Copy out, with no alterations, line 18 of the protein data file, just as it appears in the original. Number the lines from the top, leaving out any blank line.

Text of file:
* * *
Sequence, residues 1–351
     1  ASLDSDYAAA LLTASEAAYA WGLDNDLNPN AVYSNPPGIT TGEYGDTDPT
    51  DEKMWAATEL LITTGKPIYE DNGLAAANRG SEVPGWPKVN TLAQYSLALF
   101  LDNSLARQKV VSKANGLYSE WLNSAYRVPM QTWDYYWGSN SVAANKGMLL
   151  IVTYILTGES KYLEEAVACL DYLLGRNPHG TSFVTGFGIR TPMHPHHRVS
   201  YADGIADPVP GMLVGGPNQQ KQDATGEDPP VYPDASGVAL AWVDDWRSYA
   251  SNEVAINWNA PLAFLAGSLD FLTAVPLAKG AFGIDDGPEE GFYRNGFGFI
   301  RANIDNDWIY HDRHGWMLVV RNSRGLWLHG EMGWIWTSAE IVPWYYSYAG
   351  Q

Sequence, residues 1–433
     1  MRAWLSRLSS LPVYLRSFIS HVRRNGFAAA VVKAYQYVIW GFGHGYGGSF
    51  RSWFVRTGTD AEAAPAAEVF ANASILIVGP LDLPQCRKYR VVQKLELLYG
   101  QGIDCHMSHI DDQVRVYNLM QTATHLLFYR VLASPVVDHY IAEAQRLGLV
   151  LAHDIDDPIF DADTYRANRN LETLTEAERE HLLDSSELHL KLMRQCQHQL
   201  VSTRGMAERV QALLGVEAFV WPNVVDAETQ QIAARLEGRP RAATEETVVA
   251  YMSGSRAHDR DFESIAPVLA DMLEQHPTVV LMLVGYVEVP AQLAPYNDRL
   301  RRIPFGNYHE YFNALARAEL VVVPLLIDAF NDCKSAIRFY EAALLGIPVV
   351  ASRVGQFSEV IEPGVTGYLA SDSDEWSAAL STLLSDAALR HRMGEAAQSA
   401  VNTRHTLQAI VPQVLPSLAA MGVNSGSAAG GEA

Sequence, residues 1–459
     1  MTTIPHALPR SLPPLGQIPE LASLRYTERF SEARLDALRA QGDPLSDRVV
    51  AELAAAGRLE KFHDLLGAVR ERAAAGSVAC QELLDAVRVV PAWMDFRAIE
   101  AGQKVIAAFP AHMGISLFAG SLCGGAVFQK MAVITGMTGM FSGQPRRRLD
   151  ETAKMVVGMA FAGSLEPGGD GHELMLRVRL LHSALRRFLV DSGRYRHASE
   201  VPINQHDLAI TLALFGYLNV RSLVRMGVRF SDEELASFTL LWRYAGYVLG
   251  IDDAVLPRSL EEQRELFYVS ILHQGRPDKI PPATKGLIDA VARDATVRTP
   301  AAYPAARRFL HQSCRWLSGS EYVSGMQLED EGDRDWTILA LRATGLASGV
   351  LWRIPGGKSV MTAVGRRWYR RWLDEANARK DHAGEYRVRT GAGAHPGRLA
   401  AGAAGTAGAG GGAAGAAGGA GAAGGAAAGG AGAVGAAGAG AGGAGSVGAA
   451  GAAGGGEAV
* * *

   351  ASRVGQFSEV IEPGVTGYLA SDSDEWSAAL STLLSDAALR HRMGEAAQSA